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Accueil du site → Doctorat → États-Unis → 1976 → GROWTH, DEVELOPMENT AND NUTRITIVE VALUE OF SOME ARIZONA CHAPARRAL SPECIES

University of Arizona (1976)

GROWTH, DEVELOPMENT AND NUTRITIVE VALUE OF SOME ARIZONA CHAPARRAL SPECIES

Pond, Floyd Williams

Titre : GROWTH, DEVELOPMENT AND NUTRITIVE VALUE OF SOME ARIZONA CHAPARRAL SPECIES

Auteur : Pond, Floyd Williams

Université de soutenance : University of Arizona

Grade : Doctor of Philosophy (PhD) 1976

Résumé
Seven species of shrubs from the Arizona chaparral were ob served, measured and analyzed between 1960 and 1963 to determine growth patterns, phenological development and nutritive values of foliage. The seven species were shrub live oak (Quercus turbinella Greene), hollyleaf buckthorn (Rhamnus crocea Nutt.), littleleaf mountainmahogany (Cercocarpus breviflorus Nutt.), birchleaf mountainmahogany (C. betuloides Nutt.), desert ceanothus (Ceanothus greggii Gray), Wright’s silktassel (Garrya wrightii Torr.), and skunkbush (Rhus trilobata Nutt). All were broadleaved schlerophylls except skunkbush. The shrubs were studied at three sites : Three-Bar at 1,000 m elevation with 60 cm of mean annual precipitation, Sierra Ancha at 1,500 m elevation with 53 cm mean annual precipitation, and Whitespar at 1,800 m elevation with 53 cm mean annual precipitation. Soils at Three-Bar and Whitespar were derived from granite and soil at Sierra Ancha was derived from diabase parent material. On all species, growth of stems was highly variable between years, seasons within years, species, site, and individual shrubs of the same species. Growth occurred each spring on all shrubs at all sites except in 1961. In 1961, winter moisture was below normal and pattern of rainfall evidently prohibited growth on all shrubs. Summer growth was limited to 1963 with a minor exception of a few millimeters of growth on one littleleaf mountainmahogany at Sierra Ancha in 1962. Summer rainfall in 1960 and 1962 was below normal and showers that did occur were late in the season. Summer rainfall appeared to be adequate in both 1961 and 1963, although summer growth did not occur in the summer of 1961 possibly due to low vigor resulting from no growth in the spring of that year. Growth started earliest in spring at Three-Bar, the lowest elevation, and began latest at Whitespar, the highest elevation. Desert ceanothus and birchleaf mountainmahogany began to grow earliest when minimum temperatures were near freezing, (28 to 36 F), shrub live oak and Wright’s silktassel began growth when minimum temperatures were still below 40 F (36 to 40 F) and hollyleaf buckthorn, littleleaf mountainmahogany and skunkbush began to grow after minimum temperatures were above 38 F. Production of seed was related to winter precipitation on all species except Wright’s silktassel. Although blooms were seen on most species each year even in the dry spring of 1961, the amount and pattern of rainfall determined maturation of seed. Seed production of Wright’s silktassel only occurred during summer while littleleaf mountain mahogany, at Sierra Ancha, produced seed in both spring and summer. The nutritive value of shrubs in the Arizona chaparral may not be as high as often supposed. Crude protein is generally high in early spring (15 to 20%), but rapidly declines to 5 to 8% as the season progresses and, in most species, is rarely higher than 7% during winter. Phosphorus is the element most likely to be deficient and, except in spring is often at or below the 0.18% required for adequate nutrition. Since calcium content is generally high, high calcium:phosphorus ratios often complicate the phosphorus assimilation. Calcium:phosphorus ratios are frequently above 7:1 in most species during fall and winter. Nutritive value alone appears to have little to do with grazing pref erence. Protein and phosphorus content in samples of skunkbush were comparable to those in littleleaf mountainmahogany, but grazing history shows that littleleaf mountainmahogany is much preferred over skunkbush by grazing animals.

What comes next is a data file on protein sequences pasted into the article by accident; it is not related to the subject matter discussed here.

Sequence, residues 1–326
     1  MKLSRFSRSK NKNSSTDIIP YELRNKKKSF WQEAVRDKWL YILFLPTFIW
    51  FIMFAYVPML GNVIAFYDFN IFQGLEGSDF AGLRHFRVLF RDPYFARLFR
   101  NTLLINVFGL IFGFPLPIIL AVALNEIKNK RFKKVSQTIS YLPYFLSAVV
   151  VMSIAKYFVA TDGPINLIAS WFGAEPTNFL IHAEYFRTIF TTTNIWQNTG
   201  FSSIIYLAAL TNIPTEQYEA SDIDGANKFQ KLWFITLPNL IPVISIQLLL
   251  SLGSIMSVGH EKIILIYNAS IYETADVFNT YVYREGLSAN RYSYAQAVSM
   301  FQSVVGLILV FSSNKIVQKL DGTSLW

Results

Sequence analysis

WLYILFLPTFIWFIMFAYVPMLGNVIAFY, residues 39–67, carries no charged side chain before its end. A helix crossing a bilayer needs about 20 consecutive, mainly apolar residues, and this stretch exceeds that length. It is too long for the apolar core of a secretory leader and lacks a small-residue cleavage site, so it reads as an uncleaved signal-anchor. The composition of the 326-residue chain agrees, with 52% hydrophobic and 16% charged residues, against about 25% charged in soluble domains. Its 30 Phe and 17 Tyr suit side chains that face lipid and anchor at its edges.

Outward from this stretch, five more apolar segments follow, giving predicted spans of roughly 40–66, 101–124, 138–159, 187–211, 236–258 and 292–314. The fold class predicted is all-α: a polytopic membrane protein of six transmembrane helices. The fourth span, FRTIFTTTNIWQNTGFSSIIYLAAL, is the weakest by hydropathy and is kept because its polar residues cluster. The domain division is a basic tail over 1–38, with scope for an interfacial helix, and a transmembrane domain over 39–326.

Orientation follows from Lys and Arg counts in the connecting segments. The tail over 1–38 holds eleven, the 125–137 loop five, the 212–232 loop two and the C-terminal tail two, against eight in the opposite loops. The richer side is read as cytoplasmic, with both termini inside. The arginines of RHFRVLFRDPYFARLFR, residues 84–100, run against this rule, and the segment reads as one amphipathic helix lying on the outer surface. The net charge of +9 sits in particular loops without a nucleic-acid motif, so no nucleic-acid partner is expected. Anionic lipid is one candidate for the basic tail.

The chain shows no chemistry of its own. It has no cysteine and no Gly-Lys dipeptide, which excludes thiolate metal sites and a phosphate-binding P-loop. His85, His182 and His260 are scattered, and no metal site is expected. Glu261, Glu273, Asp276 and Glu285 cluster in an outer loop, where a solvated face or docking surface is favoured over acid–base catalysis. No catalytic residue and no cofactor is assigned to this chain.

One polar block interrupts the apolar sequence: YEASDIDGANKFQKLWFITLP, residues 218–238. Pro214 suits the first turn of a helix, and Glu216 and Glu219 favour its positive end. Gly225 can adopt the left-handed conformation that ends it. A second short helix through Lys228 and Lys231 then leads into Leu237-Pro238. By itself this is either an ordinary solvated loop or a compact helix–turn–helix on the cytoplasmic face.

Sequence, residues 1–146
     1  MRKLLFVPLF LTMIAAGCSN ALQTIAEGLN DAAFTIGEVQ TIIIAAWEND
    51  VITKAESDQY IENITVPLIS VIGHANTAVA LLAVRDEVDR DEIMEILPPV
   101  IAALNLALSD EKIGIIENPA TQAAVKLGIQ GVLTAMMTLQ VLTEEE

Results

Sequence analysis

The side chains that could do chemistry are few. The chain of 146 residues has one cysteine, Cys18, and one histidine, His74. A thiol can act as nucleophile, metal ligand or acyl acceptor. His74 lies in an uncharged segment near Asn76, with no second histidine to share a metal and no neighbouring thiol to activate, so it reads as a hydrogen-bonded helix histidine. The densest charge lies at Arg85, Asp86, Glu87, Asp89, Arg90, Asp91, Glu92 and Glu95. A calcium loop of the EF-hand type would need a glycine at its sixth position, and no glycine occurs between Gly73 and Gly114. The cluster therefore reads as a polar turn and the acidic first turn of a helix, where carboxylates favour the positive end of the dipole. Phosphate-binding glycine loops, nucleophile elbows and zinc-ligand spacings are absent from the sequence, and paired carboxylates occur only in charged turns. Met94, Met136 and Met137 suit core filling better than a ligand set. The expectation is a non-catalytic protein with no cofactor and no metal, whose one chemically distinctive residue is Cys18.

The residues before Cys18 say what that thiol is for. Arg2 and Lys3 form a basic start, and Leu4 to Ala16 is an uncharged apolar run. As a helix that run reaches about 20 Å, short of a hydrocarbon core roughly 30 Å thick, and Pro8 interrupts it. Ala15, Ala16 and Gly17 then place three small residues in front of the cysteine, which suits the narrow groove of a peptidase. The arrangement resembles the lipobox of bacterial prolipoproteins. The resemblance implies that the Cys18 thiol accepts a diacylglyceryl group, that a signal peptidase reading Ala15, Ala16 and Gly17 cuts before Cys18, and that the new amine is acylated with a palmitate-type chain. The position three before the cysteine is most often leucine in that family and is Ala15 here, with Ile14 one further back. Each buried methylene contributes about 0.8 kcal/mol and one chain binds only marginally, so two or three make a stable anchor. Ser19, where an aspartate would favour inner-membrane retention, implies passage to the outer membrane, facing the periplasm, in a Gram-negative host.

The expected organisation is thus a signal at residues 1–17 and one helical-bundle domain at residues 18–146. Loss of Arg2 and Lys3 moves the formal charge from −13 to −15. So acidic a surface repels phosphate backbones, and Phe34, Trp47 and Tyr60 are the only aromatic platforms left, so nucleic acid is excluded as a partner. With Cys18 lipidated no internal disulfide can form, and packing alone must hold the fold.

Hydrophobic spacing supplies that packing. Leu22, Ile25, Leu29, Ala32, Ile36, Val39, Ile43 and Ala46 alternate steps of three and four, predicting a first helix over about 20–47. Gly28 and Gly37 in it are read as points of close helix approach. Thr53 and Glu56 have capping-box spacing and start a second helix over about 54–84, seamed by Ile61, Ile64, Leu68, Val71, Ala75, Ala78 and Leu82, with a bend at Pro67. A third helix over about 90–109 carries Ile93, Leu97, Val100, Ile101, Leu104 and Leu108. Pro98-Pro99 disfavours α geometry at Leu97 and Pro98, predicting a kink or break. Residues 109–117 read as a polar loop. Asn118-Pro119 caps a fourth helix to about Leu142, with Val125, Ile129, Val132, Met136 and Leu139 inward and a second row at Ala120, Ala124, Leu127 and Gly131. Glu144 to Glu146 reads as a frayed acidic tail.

Mots clés : Chaparral. ; Forage plants — Arizona.

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